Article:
The 26-strong delegation, most members representing our education, film and creative sectors, left Te Whanganui-a-Tara at the weekend and is spending the first three days of the 10-day tour in China.
In the first two days, in Wellington’s Chinese Sister-City Xiamen, the Mayor has opened doors and facilitated an agreement between Massey University and Xiamen University that will see the alignment of film school curriculums making it much easier for Chinese international students to complete their degree at Massey. Xiamen University boasts one of China’s largest film schools. This agreement is a significant step towards attracting international students to our city.
International students are essential to the wellbeing of Wellington’s secondary and tertiary educational sector. In 2018 international students contributed $5.1 billion to New Zealand’s GDP plus a tourism contribution of $460 million to the national economy. In 2023 it is estimated that a single international university student contributes $50,000 per annum to the local economy.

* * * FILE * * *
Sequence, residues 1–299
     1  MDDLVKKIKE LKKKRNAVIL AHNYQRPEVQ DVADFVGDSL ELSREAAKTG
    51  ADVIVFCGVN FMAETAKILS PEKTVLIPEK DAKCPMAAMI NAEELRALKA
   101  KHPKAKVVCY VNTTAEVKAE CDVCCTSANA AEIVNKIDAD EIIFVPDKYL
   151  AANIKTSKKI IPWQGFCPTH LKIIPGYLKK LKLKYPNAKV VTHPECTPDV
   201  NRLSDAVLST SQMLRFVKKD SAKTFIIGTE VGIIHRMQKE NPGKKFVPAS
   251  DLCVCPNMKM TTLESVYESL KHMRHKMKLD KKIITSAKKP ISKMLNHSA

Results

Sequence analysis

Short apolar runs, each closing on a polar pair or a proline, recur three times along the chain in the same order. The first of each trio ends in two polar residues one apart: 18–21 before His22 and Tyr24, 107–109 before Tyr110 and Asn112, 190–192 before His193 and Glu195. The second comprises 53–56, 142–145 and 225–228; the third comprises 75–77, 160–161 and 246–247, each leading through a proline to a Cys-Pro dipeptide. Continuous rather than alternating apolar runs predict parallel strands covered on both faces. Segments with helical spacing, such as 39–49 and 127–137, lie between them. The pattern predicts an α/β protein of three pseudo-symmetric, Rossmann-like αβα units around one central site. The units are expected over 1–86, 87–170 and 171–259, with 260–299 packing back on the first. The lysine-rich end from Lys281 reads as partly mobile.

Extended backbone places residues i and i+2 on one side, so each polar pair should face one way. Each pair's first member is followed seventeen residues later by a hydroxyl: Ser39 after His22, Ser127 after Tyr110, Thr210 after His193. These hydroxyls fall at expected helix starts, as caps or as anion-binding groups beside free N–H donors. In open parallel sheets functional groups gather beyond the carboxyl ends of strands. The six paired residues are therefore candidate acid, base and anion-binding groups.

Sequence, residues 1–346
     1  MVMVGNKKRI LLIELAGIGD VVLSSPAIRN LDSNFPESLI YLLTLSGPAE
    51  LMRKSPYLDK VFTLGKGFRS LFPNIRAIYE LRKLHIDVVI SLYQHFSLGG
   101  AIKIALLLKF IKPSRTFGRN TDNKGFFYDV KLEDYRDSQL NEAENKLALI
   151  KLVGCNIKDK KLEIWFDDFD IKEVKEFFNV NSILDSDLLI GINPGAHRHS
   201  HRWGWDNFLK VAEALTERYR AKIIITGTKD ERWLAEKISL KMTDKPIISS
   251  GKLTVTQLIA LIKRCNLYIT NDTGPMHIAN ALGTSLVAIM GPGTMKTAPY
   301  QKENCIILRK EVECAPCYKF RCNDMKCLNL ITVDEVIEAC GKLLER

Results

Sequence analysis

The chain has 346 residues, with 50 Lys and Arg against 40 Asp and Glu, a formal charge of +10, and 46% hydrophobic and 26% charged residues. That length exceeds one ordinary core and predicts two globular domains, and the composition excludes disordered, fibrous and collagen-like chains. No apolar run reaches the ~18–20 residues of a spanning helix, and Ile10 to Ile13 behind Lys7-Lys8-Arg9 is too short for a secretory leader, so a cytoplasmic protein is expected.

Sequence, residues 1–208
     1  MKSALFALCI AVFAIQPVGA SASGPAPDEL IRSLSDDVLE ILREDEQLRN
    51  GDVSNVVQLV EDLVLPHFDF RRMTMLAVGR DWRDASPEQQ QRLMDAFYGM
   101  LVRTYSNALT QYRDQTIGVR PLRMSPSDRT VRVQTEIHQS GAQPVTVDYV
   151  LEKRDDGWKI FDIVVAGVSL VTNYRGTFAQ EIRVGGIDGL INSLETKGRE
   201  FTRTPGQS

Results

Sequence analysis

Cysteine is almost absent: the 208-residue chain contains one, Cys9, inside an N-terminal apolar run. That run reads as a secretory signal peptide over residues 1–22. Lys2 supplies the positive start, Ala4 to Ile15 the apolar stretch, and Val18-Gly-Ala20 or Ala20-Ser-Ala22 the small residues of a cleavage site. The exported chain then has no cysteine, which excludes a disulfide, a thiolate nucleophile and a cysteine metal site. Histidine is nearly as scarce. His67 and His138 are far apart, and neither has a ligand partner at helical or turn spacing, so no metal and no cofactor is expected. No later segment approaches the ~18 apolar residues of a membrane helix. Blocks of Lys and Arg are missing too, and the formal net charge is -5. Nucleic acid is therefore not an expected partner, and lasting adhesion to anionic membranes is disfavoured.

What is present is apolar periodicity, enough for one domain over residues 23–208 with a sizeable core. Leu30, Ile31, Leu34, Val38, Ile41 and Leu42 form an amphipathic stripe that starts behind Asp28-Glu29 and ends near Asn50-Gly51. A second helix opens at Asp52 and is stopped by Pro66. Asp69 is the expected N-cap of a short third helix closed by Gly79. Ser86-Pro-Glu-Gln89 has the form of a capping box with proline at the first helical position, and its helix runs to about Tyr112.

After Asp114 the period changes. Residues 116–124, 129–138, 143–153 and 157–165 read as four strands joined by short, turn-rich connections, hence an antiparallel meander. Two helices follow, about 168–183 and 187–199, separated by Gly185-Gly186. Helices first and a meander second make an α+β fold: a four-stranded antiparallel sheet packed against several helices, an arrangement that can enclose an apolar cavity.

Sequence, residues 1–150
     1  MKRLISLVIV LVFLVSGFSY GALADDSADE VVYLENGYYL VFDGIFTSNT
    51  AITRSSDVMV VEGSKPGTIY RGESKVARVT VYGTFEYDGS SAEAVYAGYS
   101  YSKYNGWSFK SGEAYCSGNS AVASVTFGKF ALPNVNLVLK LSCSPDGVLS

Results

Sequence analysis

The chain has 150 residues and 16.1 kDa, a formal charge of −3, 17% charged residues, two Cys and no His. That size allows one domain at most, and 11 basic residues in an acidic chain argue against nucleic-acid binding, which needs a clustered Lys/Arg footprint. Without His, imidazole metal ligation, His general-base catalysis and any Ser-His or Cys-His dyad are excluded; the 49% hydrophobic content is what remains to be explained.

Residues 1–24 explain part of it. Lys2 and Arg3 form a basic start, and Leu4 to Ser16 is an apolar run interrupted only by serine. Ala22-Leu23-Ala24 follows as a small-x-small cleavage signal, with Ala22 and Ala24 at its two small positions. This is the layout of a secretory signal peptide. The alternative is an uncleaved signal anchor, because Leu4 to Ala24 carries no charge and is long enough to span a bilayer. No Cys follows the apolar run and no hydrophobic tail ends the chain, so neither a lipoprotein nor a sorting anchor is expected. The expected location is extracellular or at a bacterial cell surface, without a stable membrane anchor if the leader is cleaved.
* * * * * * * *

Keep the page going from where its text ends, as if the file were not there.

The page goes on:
Mayor Whanau has also led a pitch meeting to Chinese investors to secure the remaining funding for a Xiamen-Wellington co-production romantic comedy, set in both Xiamen and Wellington. It is a romance between two young adults, with youth romance being a huge category in China, but will also be a great showcase of Wellington as a tourism destination. It already has investment from New Zealand and a cast attached.
The delegation leaves today (Wednesday) for Beijing and Tianjin, then on Friday the Mayor and part of the group will fly to Japan for business and sister-city meetings in Sakai.
On Sunday the group will fly to the South Korean capital, Seoul, for further business meetings. Mayor Whanau will also present, along with mayors from other international cities, at the World Cities Summit. Discussions will also be held regarding a memorandum of understanding over formalising a Sister City relationship between Wellington and Seoul.